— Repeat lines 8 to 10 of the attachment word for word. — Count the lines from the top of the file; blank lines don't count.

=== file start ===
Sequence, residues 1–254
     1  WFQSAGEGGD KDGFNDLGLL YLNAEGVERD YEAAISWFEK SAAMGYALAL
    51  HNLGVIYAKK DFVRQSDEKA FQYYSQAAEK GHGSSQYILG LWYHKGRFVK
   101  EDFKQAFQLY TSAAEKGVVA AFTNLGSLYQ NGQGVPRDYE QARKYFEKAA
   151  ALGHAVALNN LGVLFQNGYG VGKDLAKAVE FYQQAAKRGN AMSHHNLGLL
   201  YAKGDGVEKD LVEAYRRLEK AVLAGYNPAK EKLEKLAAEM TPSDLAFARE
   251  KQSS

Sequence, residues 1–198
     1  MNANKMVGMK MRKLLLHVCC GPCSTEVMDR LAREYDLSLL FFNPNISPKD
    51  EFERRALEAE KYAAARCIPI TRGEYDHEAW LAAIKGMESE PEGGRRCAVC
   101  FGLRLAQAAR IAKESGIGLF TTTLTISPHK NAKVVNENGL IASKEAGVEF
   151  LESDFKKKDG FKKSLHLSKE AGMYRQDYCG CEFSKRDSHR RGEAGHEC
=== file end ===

Sequence, residues 1–198
     1  MNANKMVGMK MRKLLLHVCC GPCSTEVMDR LAREYDLSLL FFNPNISPKD
    51  EFERRALEAE KYAAARCIPI TRGEYDHEAW LAAIKGMESE PEGGRRCAVC